11. Explain why you think chameleons evolved the ability to change their colour to match their background, as well as how natural selection may have acted on the ancestors of chameleons to produce this adaptation.  Sample answer: I think that when ancestors of chameleons could change their colour to match their background, they were less likely to be detected and killed by predators than those that couldn’t change their colour. Therefore, the individuals that had the colour matching ability were more likely to survive and reproduce than those that didn’t. This is an example of natural selection. Over time, this led to the population evolving the colour changing ability, as those that didn’t have the ability died out.

2.4 Diversity of Life: Review Questions and Answers

  1. What is biodiversity? Identify three ways that biodiversity may be measured.  Biodiversity refers to all the variety of life that exists on Earth. Three ways biodiversity may be measured are species diversity, genetic diversity, and ecosystem diversity. Species diversity, which is the commonest way of measuring biodiversity, refers to the number of different species in an ecosystem or on Earth as a whole. Genetic diversity refers to the variation in genes within all these species. Ecosystem diversity refers to the variety of ecosystems on Earth, where an ecosystem is a system formed by populations of many different species interacting with each other and their environment.
  2. Define biological species. Why is this definition often difficult to apply?  A biological species is a group of actually or potentially interbreeding organisms that are similar enough to each other to produce fertile offspring together. This definition is often difficult to apply because it isn’t always possible to make the observations needed to determine whether different organisms can interbreed. For one thing, many species reproduce asexually so individuals never interbreed. Also, it is usually impossible to know whether extinct organisms just represented by fossils could interbreed.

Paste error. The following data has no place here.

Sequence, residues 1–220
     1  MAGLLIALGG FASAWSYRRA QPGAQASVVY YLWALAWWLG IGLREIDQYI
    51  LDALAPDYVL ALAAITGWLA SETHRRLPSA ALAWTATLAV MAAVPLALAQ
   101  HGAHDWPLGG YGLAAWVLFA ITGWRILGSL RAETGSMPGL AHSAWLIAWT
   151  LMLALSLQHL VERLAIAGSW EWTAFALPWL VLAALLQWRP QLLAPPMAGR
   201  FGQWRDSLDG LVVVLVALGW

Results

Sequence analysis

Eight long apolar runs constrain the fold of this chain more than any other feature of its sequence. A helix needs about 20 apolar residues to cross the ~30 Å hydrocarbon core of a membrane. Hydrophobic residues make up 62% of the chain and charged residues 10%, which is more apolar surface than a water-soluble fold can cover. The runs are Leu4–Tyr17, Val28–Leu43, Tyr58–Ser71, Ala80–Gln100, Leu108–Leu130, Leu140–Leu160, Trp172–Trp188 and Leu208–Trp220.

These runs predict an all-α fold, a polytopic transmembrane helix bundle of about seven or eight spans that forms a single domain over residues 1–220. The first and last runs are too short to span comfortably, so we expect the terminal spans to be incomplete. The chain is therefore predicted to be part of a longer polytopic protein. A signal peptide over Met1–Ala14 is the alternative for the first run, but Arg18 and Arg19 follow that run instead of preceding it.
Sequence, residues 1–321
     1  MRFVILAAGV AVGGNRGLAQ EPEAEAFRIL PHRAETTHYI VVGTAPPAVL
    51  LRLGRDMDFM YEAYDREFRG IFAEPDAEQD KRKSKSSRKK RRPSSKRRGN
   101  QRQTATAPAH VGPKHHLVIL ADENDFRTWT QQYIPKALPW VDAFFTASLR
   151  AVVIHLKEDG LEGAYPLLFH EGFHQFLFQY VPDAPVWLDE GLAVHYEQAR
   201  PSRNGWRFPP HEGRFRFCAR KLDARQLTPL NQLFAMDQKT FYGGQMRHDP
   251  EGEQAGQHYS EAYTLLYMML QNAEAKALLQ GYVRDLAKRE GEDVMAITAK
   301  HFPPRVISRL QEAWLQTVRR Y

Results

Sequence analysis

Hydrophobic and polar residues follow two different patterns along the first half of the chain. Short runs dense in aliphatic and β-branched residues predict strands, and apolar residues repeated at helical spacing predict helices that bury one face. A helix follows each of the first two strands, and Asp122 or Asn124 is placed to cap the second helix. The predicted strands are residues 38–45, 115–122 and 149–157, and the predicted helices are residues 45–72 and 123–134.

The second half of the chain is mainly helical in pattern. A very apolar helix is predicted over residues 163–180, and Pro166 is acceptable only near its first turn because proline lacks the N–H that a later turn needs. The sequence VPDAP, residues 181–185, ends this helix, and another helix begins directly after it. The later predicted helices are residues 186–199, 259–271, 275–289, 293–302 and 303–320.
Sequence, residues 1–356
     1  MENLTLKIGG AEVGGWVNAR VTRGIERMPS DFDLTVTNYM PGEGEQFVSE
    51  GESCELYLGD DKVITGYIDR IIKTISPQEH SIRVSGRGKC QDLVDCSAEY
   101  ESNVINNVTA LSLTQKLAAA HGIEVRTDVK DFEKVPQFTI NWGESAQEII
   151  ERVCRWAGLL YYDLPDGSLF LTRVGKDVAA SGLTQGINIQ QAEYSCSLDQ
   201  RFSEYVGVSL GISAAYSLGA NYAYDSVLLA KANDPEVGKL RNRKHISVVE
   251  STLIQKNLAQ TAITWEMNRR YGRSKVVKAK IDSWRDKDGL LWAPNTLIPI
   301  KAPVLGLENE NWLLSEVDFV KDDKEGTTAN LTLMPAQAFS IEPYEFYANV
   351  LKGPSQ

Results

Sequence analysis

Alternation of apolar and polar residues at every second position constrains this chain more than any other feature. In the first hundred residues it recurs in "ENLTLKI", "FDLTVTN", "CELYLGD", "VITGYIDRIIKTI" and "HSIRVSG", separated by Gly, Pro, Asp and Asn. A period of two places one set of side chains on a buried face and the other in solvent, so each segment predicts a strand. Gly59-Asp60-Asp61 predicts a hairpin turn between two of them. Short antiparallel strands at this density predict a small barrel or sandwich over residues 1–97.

3. Explain why it is important to classify living things, and outline the Linnaean system of classification.  It is important to classify living things in order to make sense of the overwhelming diversity of life on Earth. Classification is an important step in understanding the present diversity and past evolutionary history of life on Earth. The Linnaean system of classification consists of a hierarchy of groups called taxa that include the kingdom (most inclusive), phylum, class, order, family, genus, and species (least inclusive). Similar species are classified in the same genus, similar genera are classified in the same family, and so on all the way up to the kingdom.
  4. What is binomial nomenclature? Give an example.  Binomial nomenclature is the two-word method of naming species that was invented by Linnaeus. An example is the name of our own species, Homo sapiens.
  5. Self-marking
  6. Contrast the Linnaean and phylogenetic systems of classification.  The Linnaean system of classification is based on morphological similarities and differences among living things. It presents a static, or unchanging, view of the classification of living things that may or may not reflect their evolutionary history. A phylogenetic system of classification, in contrast, is a way of classifying living things that takes into account their phylogeny. Phylogeny is the evolutionary history of a group of related organisms. A phylogenetic classification is typically represented by a phylogenetic tree or other tree-like diagram, in which branching points represent common ancestors.